Time in Databases by g4509244

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									                 Time in Databases

                  CSCI 242 FEBRUARY 24, 2009




With thanks to Richard Snodgrass, 1985 ACM 0-89791-160-1/85/005/0236, although I don‟t agree with him
                     Snodgrass
                           2

 His work “taxonomy of time in databases” is cited as
  authoritative
 He defines three types of time, transaction time,
  valid time and user-defined time
 I disagree strongly with his definitions, believe that
  they do not reflect real experience with data
 Here we will talk about two types of time, transaction
  time and valid time
            Types of Time in Databases
                              3

 Transaction Time
   The time information is recorded in the database
   Relational databases work in transaction time
   History of transaction times is not history of the real
    information
 Valid Time
   The time that the stored information models reality
   Has start and end time
   Based on semantics of the problem, not mechanics of data
    entry
      Example: Retroactive Pay Increase
                             4

 Chen is given a salary increase
 The salary increase is approved at date t1
 The increase is effective at date t2.
 However, the increase does not get entered into the
  database until some other time, t3>t2 (called a
  retroactive salary increase).
 In this case, t1 is an attribute of the approval process,
  t2 is the start of valid time and t3 is the transaction
  time.
                     Databases and Time
                                      5

 Static
     Typical relational database
     Models information at only a single time
     Change in a stored value changes database to model data at another
      time
     To see past states, database must be rolled back to earlier states
 Historical
     Models the continuing evolution of information
     Can show past states of information without changing the database
     The entire history of the database is available at all times to all
      applications and all users
           Why Historical Databases?
                            6

 Modeling all past states of a database takes more
  disk space, and it continues to grow indefinitely
 In the past, disk space was so expensive that we
  could afford to model only the present state of the
  data
 Today‟s continuing growth in disk capacity for the
  same cost enables us to consider the use of historical
  databases for all data
 Historical databases are also called “point in time”
  databases
             Static Rollback Databases
                              7

 Today‟s databases are typically static rollback
  databases
   Database models information structures at one given
    time
   Updates move the database to model another time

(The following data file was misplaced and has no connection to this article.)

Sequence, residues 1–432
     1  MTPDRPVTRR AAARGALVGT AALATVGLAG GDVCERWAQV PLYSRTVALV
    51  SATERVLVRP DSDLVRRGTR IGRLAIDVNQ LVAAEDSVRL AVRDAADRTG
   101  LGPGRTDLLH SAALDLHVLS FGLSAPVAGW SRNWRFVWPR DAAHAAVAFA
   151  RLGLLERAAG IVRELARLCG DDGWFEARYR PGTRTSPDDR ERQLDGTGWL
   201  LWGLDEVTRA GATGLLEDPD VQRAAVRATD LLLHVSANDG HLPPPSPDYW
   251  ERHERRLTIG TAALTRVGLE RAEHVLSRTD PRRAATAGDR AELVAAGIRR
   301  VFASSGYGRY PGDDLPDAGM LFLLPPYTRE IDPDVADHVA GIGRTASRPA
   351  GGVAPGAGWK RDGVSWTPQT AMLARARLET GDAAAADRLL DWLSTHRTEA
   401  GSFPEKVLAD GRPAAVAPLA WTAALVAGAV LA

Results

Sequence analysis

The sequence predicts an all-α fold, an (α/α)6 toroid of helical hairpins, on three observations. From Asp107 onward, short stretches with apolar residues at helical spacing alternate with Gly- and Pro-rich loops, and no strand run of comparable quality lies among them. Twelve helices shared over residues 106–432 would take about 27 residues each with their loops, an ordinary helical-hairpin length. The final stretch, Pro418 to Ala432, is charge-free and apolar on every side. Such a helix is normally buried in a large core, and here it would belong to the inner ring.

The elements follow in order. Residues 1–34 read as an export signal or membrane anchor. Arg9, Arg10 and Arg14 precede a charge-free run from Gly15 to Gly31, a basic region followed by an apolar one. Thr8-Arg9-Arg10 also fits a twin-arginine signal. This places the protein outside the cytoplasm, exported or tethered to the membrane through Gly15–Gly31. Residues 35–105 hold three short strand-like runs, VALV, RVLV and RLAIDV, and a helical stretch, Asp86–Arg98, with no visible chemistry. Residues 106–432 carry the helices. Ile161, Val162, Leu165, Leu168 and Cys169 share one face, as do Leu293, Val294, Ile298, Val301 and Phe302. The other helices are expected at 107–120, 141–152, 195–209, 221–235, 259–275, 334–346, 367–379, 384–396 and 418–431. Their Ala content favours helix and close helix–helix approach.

 Database can be rolled back to an earlier time

 Rollback
   Changes stored values
   Requires suspension of normal processing
   Current data must be restored after rollback
                  What It Models
                           8

 Such a database can be called a static rollback
  database
 Through rollback it can model the data as of any
  particular time
 In case of failure, recovery processes can restore a
  database to the point of the last completed
  transaction
 Transactions rather than the real world are modeled;
  no way to enter a retroactive raise, for example
              Historical Databases
                           9

 Historical databases record the actual state of the
  data rather than transaction time
 Historical databases can present the state of the
  data at any time
                   How It Works
                           10

 Each row includes a start and stop time for its
  validity
 When a row is changed the old one is kept and its
  end date is set
 New row is given a start time at time of update
 Also called Point in Time database
               An Example: EMP
                           11

Schema Definition:
 EMP(EMPNO,ENAME,JOB,SAL,DEPTNO)
Now we add START and STOP for validity dates:
 EMP(EMPNO,ENAME,JOB,SAL,DEPTNO,START,STOP)
To find the status of EMP on 1/1/2008
 SELECT *
     FROM EMP
     WHERE START <= to_date( „01-JAN-2008','dd-mmm-
     yyyy') “1/1/2008” AND (STOP >= to_date( '01-JAN-
     2008','dd-mmm-yyyy') OR STOP ISNULL);
DELETE statements will now be UPDATEs instead.
                    Capabilities
                           12

 These techniques allow you to implement a database
  that can show its state as of any time in the past
 This can be done while the database is actively being
  used and even updated by multiple processes
 You can record retroactive changes
 You can easily implement applications to process
  retroactive changes

								
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